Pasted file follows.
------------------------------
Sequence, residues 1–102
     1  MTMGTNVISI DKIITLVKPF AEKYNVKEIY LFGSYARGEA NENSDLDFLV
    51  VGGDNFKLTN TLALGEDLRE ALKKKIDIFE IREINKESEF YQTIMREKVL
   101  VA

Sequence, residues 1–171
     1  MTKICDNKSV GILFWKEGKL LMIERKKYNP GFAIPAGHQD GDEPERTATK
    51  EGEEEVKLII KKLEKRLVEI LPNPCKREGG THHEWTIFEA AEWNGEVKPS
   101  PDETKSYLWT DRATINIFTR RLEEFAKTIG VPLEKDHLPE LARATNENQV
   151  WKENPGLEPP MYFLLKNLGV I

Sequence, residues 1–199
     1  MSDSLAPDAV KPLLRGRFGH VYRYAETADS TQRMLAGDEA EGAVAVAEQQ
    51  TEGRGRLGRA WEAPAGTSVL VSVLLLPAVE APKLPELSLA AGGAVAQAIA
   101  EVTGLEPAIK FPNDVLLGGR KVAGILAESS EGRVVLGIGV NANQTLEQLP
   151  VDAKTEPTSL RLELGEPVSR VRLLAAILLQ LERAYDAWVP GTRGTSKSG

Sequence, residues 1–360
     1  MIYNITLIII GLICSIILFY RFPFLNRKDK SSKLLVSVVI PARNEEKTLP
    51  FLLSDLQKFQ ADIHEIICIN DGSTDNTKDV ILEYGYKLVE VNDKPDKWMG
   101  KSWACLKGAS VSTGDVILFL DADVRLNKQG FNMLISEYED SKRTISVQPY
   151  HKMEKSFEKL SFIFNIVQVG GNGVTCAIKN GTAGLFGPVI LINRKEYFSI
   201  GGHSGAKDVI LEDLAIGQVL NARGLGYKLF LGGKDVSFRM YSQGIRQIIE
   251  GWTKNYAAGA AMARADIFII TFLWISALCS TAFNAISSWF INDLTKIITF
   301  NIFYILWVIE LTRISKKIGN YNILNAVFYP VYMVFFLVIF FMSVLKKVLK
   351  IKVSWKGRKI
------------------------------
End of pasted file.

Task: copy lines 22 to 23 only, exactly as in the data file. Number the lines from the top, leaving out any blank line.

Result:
   301  NIFYILWVIE LTRISKKIGN YNILNAVFYP VYMVFFLVIF FMSVLKKVLK
   351  IKVSWKGRKI